This article was written by Joanna Bounds for and has been adapted for

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  1. kymmage 01/09/2019 at 5:56 pm

    I’m just going through this. It’s tough, especially when he is a lovely guy as well. They are both really lovely people, but don’t work anymore as a couple. I definitely agree with the not bagging him. Especially around his kids. That’s not fair and the kids usually love their dad no matter what you think of him. And just being there. I’ve been making plans as often as possible. New shows or bands playing locally, art exhibits. Anything that might be interesting and a change of scene.

  2. Alezandra 30/08/2019 at 11:44 pm

    Reading an article on how to comfort someone going through a break up like and actually doing it will be 2 different things. It was good to read something like this though – if we are honest enough, it’s never easy. And similarly, my faith helps me in tough times so I would also offer a prayer.

  3. MuddledUpMolly 27/08/2019 at 7:46 pm

    Thankfully I have never been in this situation but I am sure there will come a time when the tips will come in really handy to support someone I love.

  4. Jen_Wiig 13/08/2019 at 6:41 pm

    When my bestie went through her marriage break up it was so so hard seeing her and the kids so sad and lost. What deff helped was being an ear and being available to have the kiddos, also as much as ALOT would say that doesn’t help… Having a couple of nights out and just being young crazy free girls again helped her just to forget for abit, re focus and carry on… Letting lose helped her see thing clearly too.
    What I remember her saying that didn’t help was everyone’s input as to what she should do next and dissing her ex after all he was still the kids Dad and a good one at that.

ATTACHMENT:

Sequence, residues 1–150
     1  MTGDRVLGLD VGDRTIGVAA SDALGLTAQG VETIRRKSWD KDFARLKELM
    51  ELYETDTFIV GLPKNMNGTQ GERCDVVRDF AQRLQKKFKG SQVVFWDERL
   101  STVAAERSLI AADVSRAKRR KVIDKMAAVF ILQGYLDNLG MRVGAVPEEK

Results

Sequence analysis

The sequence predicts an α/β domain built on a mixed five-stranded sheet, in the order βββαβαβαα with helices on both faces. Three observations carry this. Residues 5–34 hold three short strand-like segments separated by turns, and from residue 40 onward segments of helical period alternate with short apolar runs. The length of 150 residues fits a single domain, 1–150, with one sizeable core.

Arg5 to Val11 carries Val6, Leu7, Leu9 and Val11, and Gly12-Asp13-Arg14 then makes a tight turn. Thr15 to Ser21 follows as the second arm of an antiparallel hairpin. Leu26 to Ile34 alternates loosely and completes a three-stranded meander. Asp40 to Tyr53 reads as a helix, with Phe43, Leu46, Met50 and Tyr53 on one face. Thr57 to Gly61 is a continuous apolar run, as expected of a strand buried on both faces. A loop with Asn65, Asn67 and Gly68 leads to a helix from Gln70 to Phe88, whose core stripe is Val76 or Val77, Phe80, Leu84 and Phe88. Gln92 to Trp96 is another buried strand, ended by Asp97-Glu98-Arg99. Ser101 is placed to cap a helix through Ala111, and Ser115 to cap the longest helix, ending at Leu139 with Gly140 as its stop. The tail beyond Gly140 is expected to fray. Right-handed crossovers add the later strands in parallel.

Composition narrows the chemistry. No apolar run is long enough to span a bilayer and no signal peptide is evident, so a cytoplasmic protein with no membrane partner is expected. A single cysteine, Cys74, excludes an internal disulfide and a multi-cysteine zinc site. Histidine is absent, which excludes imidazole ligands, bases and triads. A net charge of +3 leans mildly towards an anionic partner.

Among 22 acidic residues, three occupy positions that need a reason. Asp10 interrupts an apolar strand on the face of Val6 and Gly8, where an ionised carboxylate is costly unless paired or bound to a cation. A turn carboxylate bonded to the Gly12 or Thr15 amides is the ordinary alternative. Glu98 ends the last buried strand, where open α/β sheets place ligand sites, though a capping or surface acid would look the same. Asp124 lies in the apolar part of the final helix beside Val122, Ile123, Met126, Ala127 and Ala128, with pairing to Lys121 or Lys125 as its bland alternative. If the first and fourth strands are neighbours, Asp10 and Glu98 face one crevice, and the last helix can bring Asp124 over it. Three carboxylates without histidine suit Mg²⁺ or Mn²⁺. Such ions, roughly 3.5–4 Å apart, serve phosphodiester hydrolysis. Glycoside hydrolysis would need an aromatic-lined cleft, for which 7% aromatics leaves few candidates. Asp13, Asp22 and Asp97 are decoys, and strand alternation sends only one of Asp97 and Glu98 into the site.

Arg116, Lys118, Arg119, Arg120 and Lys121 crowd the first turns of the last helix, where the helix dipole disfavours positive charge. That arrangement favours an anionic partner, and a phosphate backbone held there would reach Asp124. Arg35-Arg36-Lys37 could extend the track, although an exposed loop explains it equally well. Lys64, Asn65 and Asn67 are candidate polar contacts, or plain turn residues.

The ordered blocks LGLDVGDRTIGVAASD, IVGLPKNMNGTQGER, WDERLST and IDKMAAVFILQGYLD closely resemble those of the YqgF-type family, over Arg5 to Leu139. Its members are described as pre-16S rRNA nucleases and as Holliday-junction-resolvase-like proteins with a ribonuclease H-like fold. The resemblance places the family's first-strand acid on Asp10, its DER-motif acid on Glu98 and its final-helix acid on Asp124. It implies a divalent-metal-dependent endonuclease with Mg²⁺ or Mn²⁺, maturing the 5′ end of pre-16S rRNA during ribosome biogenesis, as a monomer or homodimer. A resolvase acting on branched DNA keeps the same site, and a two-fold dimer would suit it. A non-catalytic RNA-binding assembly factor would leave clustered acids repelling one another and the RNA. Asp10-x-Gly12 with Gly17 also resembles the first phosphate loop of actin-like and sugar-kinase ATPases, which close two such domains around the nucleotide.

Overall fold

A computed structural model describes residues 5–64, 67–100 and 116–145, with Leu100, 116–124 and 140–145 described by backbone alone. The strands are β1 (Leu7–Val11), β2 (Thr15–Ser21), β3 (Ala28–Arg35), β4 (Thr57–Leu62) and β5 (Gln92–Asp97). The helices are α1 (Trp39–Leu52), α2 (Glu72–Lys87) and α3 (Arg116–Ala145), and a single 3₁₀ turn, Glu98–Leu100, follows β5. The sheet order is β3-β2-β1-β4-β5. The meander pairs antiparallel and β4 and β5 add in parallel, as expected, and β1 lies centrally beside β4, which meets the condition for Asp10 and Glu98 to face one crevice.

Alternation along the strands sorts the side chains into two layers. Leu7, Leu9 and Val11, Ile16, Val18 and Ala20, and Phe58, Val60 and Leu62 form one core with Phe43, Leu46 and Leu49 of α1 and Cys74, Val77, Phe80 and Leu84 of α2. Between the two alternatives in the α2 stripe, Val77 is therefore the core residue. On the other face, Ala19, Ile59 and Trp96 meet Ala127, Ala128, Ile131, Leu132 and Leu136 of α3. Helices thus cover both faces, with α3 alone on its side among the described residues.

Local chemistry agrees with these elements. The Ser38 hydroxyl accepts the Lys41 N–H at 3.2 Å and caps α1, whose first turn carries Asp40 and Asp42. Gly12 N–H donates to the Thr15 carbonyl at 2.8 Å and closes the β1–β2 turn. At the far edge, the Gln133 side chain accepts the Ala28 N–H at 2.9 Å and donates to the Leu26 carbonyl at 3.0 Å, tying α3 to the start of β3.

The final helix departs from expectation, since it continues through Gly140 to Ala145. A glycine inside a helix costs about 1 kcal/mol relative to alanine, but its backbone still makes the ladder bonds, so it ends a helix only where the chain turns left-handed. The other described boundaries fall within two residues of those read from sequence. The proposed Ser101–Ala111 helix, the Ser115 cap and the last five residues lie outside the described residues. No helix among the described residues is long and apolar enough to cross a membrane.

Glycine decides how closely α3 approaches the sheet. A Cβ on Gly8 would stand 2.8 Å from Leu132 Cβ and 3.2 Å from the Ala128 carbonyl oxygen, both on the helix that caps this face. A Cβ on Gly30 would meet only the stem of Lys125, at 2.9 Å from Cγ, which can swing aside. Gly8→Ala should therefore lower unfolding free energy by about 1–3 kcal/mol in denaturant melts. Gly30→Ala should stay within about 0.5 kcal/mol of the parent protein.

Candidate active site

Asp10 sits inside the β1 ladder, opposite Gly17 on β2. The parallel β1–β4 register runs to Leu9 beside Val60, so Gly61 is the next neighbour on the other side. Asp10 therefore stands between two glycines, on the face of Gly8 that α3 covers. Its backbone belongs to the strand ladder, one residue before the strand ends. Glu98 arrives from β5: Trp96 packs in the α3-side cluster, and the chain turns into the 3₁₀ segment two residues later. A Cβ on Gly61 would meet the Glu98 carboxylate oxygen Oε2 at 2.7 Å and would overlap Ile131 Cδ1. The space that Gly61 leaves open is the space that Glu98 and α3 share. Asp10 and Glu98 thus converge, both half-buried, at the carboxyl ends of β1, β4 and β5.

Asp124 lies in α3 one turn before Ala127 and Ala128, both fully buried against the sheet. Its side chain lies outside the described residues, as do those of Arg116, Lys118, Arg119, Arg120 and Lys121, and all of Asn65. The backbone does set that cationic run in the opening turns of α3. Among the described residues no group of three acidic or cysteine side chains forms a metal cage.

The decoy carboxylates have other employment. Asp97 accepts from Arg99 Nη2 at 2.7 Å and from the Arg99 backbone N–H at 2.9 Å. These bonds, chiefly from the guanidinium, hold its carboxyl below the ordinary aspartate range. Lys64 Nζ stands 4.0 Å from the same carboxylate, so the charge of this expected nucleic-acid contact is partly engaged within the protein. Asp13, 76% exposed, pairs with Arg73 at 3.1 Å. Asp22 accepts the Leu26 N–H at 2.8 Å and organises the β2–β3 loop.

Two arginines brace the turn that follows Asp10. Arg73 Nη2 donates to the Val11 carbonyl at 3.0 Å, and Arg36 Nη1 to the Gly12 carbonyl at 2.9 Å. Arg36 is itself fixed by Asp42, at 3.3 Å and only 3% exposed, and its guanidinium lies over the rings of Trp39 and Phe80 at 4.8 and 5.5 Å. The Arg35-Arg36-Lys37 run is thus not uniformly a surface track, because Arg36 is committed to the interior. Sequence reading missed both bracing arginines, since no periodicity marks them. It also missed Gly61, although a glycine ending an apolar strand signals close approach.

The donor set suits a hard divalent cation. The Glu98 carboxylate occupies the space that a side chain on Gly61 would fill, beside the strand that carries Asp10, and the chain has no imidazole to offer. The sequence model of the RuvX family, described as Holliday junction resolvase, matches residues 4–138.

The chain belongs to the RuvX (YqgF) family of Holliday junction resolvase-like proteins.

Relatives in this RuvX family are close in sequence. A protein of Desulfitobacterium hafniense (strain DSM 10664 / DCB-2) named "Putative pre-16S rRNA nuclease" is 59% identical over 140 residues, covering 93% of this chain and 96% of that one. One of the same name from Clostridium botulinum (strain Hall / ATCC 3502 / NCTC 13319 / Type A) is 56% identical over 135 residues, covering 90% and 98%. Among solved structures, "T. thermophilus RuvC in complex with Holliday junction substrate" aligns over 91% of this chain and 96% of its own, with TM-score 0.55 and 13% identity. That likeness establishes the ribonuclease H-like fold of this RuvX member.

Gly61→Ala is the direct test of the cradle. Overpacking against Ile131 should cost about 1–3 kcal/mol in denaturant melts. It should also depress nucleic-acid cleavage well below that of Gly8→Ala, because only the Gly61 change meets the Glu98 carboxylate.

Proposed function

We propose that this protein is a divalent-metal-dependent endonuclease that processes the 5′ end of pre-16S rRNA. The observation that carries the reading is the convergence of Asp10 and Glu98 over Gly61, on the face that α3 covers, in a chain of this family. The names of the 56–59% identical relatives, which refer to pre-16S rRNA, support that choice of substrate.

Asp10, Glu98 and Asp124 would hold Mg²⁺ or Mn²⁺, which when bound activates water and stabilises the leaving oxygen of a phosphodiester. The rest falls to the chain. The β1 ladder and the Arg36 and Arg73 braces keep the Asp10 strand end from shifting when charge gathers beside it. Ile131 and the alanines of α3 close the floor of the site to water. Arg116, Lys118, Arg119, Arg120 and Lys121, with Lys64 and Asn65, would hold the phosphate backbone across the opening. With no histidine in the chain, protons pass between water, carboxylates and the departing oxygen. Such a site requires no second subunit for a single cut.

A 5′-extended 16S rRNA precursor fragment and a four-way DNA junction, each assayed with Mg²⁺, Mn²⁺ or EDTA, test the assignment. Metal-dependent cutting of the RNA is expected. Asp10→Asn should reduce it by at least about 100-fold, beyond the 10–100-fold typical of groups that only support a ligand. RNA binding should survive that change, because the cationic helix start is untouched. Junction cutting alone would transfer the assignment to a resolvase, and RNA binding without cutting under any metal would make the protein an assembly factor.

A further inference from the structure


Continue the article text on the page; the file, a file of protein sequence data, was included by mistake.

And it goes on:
5. Bevik1971 13/08/2019 at 4:49 pm

    Just being there for them is the best I think – I have helped more than one friend through a break up and they are not enjoyable. Take them out for coffees, do stuff together and if there are kids involve the kids always 🙂 Making sure they are all doing ok is the most important. Just a simple phone call or a text daily to say hi is always a good thing to do 🙂

  6. Shorrty4life1 12/08/2019 at 8:54 pm

    Great tips etc for marriage break ups. When my mate had a marriage break up she was in Dunedin which is about 3hrs away from me so I could only help through message. I agree with the don’t bag her husband coz that don’t help if anything it makes them want to run back. I just used positive things to get her through and also reminded her that she’s got a beautiful wee girl that needs her strong mum and that things will get better in time. She seems way better now with all that’s happening and is looking happy and healthy just her and her daughter killing it

  7. SarahBlair 12/08/2019 at 2:02 pm

    I have supported a few friends through break ups and it is never easy, I think just letting them know that they arent alone and that things will be okay is important, as well as listening and supplying coffee! Just sitting, listening and letting them talk is so much help!

  8. Loucyd3 06/08/2019 at 5:02 pm

    We had a friend go through a tough separation and what helped them to get through it was just knowing they had our 100% love and support. As I was a stay at home mum I was able to offer help with their daughters care before and after school and my family opened our door to them both when some time out was needed for our friend.
    They just appreciated having someone there to listen and support them through the good and bad of it all.

    • Mands1980 13/08/2019 at 8:15 am

      I’m lucky none of my friends have been through a marriage break up but I know so many family’s who have been through this. These are some great tips though if any of my friends end up going through one. In our local town it seems to be happening more and more. My brother separated from his wife years ago but things ended well for them and they still get on as friends but I know this is not always the case. When kids are involved it gets a bit more tricky but as long as you can help out if close by it would make a huge difference.

  9. Micht 06/08/2019 at 2:10 pm

    A tough thing to watch a friend go through and hard to not be over protective of her and want to fight for her too but good to remember these tips…she is feeling hurt herself and needs support more than we as a friend want justice for them… sad and painful but always hope at the end for them too… for me its my Faith that helps in tough times so prayer is what i would offer personally.